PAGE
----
One had major heart surgery four months ago. The other was given just a one per cent chance of survival following a motorbike crash in 2016 which left him in intensive care.
However, together pantomime stalwarts Berwick Kaler and Martin Barrass are proof of that old theatre saying, ‘the show must go on’.
“It’s nothing short of a miracle that we are both here,” says Kaler, who not only writes the Christmas show at York Theatre Royal, but having donned a frock for the last 39 years is also the country’s longest serving panto dame. “When I heard about Martin’s crash I was in total shock, I didn’t even know the daft bugger had bought a motorbike. It happened in the September so pretty quickly we knew that he wasn’t going to be in last year’s panto.
“Of course it felt a little different without him, but to be honest by the time we got to opening night we were just thankful that he had pulled through.”
Barrass, who has played Kaler’s comedy sidekick for the last 31 years, did make a brief appearance on stage at the finale of one performance last December. However, even though his recovery from the crash, which happened as he was riding between York and Keswick, astounded medical staff at Leeds General Infirmary, he admits that it took him a full year to feel himself again.
“When I was about to be discharged they told me that I should be prepared to feel worse when I got home and I did,” says the 60 year old. “When you are in hospital, there are so many people asking how you are that artificially you perk up. Back home, suddenly you have nothing to do but think about your injuries.”
One thing which helped was focusing on this year’s panto and that first day back in rehearsals with not just Kaler, but his other long-serving co-stars, principal boy Suzy Cooper and arch villain David Leonard.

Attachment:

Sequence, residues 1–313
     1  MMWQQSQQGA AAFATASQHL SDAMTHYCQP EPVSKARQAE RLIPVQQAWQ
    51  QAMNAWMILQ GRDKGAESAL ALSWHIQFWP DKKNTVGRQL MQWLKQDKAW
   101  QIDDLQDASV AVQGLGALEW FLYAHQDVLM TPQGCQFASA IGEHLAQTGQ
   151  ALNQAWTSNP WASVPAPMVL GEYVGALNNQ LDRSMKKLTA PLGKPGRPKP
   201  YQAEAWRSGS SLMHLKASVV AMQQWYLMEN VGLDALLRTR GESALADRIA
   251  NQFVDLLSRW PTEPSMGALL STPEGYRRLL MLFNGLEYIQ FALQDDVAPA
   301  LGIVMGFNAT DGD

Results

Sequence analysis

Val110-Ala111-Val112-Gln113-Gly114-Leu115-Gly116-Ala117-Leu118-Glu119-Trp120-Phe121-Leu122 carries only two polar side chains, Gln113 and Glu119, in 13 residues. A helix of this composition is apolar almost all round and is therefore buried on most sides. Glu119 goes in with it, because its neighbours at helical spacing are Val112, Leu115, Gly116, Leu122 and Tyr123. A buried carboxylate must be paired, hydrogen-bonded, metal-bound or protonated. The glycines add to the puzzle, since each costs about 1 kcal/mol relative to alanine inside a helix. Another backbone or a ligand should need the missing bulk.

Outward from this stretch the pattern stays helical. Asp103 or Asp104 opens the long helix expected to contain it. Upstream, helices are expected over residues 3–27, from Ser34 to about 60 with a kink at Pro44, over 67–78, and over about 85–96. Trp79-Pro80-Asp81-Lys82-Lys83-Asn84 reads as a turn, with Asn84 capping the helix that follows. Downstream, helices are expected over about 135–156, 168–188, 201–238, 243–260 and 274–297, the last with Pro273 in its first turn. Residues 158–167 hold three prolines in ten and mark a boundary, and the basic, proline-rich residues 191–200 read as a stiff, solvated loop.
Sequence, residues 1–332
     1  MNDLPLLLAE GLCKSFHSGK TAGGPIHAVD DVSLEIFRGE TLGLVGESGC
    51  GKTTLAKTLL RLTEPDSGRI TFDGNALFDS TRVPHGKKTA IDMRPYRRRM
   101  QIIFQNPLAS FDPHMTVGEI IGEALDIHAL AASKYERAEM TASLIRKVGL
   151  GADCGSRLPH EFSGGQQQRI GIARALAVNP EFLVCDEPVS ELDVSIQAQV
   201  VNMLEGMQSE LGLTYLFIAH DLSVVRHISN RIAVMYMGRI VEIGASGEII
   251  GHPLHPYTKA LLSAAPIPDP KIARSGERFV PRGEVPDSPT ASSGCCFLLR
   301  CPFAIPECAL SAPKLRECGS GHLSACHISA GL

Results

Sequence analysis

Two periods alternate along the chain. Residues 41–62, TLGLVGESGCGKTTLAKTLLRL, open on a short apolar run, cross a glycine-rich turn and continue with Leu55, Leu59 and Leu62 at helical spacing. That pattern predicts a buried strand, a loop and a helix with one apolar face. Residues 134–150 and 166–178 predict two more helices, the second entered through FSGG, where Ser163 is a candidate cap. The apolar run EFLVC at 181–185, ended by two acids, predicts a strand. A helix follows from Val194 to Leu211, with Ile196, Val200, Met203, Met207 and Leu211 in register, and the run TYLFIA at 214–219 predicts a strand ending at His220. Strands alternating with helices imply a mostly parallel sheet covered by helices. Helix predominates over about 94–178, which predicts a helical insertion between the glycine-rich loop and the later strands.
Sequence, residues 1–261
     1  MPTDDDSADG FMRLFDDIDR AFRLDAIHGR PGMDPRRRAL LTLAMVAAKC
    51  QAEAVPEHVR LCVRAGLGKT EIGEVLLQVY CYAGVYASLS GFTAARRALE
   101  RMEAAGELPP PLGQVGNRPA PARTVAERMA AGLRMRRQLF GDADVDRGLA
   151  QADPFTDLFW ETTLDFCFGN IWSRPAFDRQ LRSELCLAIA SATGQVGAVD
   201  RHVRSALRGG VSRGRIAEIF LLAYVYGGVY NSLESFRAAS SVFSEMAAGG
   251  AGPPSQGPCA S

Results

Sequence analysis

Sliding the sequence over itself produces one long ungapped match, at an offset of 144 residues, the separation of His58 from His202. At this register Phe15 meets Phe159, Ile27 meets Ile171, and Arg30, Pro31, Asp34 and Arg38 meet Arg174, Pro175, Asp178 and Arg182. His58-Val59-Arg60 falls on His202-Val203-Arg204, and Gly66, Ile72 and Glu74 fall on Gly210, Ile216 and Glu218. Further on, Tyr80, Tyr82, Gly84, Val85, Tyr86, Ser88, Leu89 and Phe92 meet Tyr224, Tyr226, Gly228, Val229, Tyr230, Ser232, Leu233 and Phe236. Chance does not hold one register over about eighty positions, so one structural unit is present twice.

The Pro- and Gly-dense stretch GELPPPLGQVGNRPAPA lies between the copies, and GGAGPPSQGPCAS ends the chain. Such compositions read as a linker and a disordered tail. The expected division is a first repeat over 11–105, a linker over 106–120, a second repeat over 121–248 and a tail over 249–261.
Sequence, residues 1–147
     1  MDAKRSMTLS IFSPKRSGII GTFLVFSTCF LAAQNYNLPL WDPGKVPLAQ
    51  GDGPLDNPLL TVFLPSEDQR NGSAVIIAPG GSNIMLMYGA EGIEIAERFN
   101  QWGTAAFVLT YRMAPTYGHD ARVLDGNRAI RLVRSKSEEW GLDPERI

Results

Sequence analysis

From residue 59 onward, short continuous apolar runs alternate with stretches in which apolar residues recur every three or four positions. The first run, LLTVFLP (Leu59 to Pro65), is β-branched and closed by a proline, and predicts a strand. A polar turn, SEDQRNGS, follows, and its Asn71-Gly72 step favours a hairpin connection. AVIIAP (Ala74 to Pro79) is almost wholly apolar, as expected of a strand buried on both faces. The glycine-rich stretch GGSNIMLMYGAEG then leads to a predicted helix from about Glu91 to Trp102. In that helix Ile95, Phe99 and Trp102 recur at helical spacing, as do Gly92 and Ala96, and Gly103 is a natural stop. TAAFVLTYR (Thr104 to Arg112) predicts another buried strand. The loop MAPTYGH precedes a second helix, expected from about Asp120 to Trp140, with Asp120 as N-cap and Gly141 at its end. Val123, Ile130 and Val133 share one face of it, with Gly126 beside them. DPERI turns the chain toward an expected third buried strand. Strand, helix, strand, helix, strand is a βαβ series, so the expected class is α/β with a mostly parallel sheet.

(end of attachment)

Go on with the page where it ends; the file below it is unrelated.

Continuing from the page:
Together, the four have collectively spent more than 100 Christmases listening to the audience shout ‘he’s behind you’, but just as it seemed it would be back to business as usual, this summer Kaler was taken into York Hospital for a double heart bypass.
“I had a pacemaker fitted last year and I knew I would need surgery. The plan was to have the operation when the panto run ended in February, but it didn’t end up happening until July.
“Until a week or so ago only the first half of this year’s show is written. There have been a lot of sleepless nights there was no way I was going to pull out. I’d committed to it. The tickets went on sale in March and I couldn’t let the audience down.”
Rehearsals for Jack and the Beanstalk began this week and Barrass, who has promised his wife and two children that he won’t get on a motorbike again, knows that the seven week run will be gruelling.
“There is no let up, there can’t be because the audience know when you aren’t putting 100 per cent in. Whether it’s the opening night or a midweek matinee in February you have to be on the top of your game and anyone who isn’t soon knows about it. Berwick doesn’t let you relax, not for a minute.”
As for Kaler, next year will mark his 40th as dame and inevitably there has been talk it might be his last.
“Let’s see. I do want it to be a celebration of everything we have achieved here. And I do mean we. I might write the panto, but if you take one of the cast away it loses something.
“I am 71 though and as much as I love this place I will have to see how my health is.”
Knowing Kaler you suspect that he won’t be going anywhere soon.